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## Lesson 22. Capacity and effectiveness

Efficiency of separation, along with capacity, is the measure of performance in industrial screening. Capacity and effectiveness are opposing factors as maximum effectiveness is related to small capacity, while large capacity is only attainable at the expense of efficiency. A reasonable balance between capacity and effectiveness is desired in practice. Although accurate relationships are not available for estimating operating characteristics in screen operations, certain fundamentals apply and may be used as guidelines when running and designing a screening process.

The capacity of a screen is measured by the mass of material which can be fed per unit time to a unit area of screen, and can be simply controlled by varying the feed rate to the equipment. The effectiveness obtained for a given capacity is dependent upon the speciﬁc nature of the screening operation. The chance of passing through the screen of an undersize particle is a function of the number of times the particle strikes the screen surface, as well as its probability of passage in a single contact. If a screen is overloaded, the number of contacts is small and the chance of passing on contact is reduced by particle interference. The effectiveness is improved by reducing the capacity as then there will be more contacts per particle and better chances for passing through the screen aperture on each contact.

A particle would have an ideal opportunity of passage when striking the surface perpendicularly, which would only be possible if it were oriented with its minimum dimensions parallel to the screen surface. Additional conditions would be no interference by other particles, as well as not sticking to, or wedging into, the screen surface. None of these conditions apply to actual screening, but this ideal situation can be used as a basis for estimating the effect of mesh size and wire dimensions on screen performance. If the width of a screen were negligible in comparison to the size of the openings, the wires would not interfere with particle passage and, practically, the entire screen surface would be active. In such a case, the probability of passage of a striking particle would approach unity. In actual screening, the diameter of the wire, or the fraction of the surface not constituting openings, is signiﬁcant and the solid meshes strongly affect screen performance, especially by retarding the passage of particles nearly as large as the screen openings.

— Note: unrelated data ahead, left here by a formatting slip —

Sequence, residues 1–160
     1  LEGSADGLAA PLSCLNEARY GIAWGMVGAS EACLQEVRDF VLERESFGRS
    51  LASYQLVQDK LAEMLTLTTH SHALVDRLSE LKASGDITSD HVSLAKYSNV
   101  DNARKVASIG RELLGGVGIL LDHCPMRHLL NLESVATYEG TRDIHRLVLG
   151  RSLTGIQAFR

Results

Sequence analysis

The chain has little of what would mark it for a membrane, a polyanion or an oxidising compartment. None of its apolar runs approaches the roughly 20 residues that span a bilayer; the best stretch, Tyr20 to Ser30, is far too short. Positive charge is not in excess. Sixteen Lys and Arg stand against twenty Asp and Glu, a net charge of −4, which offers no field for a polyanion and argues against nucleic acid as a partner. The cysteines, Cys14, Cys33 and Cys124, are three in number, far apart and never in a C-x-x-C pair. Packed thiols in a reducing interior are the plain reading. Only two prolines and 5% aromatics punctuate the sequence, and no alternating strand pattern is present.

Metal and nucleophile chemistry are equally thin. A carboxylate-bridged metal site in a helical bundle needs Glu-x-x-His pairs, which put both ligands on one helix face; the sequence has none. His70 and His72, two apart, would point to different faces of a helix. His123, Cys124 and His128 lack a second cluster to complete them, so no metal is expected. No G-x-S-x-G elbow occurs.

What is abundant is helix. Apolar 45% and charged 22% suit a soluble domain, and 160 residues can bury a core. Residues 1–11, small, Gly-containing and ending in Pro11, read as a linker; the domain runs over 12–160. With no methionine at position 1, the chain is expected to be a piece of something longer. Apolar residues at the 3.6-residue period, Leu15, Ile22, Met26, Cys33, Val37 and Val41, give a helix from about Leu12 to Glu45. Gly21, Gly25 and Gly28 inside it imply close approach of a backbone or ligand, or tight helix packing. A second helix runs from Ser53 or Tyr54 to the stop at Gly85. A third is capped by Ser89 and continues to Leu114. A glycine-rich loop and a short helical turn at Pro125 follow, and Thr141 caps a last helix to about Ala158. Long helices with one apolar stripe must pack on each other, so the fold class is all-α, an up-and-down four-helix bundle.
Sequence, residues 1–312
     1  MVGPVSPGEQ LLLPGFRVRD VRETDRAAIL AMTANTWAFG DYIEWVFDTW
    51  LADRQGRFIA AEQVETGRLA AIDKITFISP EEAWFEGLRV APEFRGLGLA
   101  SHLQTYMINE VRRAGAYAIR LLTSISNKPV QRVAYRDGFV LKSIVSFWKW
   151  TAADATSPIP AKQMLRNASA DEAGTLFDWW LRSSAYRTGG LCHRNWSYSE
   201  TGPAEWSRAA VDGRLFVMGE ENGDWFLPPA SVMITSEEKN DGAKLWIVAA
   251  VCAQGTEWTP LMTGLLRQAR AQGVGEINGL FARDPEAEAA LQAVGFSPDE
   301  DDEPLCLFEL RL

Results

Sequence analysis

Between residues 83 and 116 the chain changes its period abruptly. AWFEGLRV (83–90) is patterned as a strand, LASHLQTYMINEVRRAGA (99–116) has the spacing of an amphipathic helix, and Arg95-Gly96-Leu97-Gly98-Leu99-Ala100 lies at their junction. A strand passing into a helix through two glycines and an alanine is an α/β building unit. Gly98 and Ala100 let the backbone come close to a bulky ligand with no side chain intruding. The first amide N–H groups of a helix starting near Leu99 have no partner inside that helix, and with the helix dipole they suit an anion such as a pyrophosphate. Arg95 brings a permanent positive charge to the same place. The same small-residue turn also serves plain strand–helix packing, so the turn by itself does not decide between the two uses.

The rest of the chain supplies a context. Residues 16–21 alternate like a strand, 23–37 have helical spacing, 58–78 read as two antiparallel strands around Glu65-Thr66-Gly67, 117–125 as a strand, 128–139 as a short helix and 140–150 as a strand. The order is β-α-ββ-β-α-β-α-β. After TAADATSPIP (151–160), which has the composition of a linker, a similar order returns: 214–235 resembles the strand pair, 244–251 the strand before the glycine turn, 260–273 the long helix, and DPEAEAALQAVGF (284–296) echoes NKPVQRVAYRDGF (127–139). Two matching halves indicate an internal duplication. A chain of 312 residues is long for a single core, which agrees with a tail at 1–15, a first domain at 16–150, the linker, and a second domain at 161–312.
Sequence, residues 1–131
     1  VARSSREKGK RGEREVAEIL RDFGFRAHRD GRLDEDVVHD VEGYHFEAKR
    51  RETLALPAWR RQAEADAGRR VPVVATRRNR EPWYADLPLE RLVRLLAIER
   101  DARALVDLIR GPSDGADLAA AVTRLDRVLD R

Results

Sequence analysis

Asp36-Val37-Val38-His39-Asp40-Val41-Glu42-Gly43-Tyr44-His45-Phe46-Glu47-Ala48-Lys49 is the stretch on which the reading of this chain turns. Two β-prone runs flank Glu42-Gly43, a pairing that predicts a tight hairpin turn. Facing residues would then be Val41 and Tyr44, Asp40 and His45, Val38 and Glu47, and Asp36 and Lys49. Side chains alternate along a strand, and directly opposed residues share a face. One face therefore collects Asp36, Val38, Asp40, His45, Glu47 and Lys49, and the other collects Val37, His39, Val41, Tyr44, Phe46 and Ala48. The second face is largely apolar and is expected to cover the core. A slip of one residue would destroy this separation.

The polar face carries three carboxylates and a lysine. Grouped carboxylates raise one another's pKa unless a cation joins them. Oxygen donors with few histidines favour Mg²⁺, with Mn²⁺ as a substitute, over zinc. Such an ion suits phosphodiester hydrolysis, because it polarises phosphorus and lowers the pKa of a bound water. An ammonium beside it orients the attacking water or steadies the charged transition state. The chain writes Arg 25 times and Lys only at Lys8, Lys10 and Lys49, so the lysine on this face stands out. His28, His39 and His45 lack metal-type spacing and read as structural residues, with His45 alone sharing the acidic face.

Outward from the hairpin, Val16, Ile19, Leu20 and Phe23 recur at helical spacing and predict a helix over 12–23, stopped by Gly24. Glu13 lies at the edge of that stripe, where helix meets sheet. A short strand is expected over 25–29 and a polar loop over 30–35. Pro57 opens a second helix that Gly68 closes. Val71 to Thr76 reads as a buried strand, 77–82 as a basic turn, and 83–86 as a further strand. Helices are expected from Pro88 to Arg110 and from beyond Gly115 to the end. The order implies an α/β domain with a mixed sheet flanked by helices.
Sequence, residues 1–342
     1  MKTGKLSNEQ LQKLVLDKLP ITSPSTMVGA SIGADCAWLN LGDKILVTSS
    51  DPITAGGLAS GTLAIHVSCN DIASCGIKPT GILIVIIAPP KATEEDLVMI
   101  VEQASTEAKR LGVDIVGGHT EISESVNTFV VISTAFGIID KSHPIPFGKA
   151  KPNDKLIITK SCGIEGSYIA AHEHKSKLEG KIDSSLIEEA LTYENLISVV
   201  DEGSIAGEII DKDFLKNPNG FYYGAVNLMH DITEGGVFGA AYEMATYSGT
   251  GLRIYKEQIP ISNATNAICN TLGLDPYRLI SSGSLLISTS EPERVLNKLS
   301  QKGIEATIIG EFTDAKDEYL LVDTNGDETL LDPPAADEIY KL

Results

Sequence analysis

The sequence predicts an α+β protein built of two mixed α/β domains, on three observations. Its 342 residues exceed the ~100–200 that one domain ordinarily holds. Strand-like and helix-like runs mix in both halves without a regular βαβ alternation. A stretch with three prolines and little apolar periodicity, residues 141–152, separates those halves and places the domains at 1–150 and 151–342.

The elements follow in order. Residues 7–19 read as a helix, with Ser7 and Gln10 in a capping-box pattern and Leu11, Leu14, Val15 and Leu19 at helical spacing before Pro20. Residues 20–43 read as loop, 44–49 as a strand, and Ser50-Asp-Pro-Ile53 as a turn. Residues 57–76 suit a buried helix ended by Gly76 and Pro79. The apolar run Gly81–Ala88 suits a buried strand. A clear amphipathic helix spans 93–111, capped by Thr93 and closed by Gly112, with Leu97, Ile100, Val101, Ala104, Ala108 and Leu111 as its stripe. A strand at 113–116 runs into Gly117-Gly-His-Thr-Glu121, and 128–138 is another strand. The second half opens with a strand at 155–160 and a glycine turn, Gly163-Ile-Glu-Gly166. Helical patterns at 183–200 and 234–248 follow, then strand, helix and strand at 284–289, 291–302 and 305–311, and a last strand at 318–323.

**Calculation of Capacity and Effectiveness of screens**

The efficiency of a screening operation may be evaluated by simple mass balances over screen. Consider that the feed to a screen consists of materials A and B, where A is the oversize and B is the undersize material. Out of the total materials fed to the screen, some part of it is removed as overflow and remaining part is collected as underflow.

Let F be the mass ﬂow rate of feed, (kg/h)

O be the mass ﬂow rate of overflow, (kg/h) and

U be the mass ﬂow rate of underflow, (kg/h) ; also, let

X_{F} be the mass fraction of material A in the feed,

X_{O} the mass fraction of material A in the overﬂow and

X_{U} the mass fraction of material A in the underﬂow.

Furthermore, the fractions of material B in the feed, overﬂow and underﬂow are 1 − X_{F}, 1−X_{O} and 1 −X_{U}, respectively.

Since the total of the material fed to the screen must leave either as overﬂow or underﬂow thus overall material balance over a screen is;

F = O + U (1)